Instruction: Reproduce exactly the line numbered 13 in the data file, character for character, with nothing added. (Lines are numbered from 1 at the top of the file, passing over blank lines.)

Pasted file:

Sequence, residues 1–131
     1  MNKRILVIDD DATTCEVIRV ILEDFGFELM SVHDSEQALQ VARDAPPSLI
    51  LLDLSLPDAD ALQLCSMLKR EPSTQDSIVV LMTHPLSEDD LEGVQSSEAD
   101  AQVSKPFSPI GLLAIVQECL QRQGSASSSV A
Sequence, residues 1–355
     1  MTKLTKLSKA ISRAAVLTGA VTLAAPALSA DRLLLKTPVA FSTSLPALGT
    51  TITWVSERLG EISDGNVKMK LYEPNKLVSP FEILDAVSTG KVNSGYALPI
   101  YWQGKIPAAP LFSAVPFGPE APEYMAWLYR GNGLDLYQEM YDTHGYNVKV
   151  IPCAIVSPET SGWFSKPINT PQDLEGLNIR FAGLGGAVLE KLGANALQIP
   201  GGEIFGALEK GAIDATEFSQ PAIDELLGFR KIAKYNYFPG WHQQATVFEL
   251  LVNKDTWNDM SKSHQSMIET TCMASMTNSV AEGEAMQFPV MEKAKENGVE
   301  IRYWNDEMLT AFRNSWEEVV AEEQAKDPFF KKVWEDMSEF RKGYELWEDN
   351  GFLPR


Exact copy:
   351  GFLPR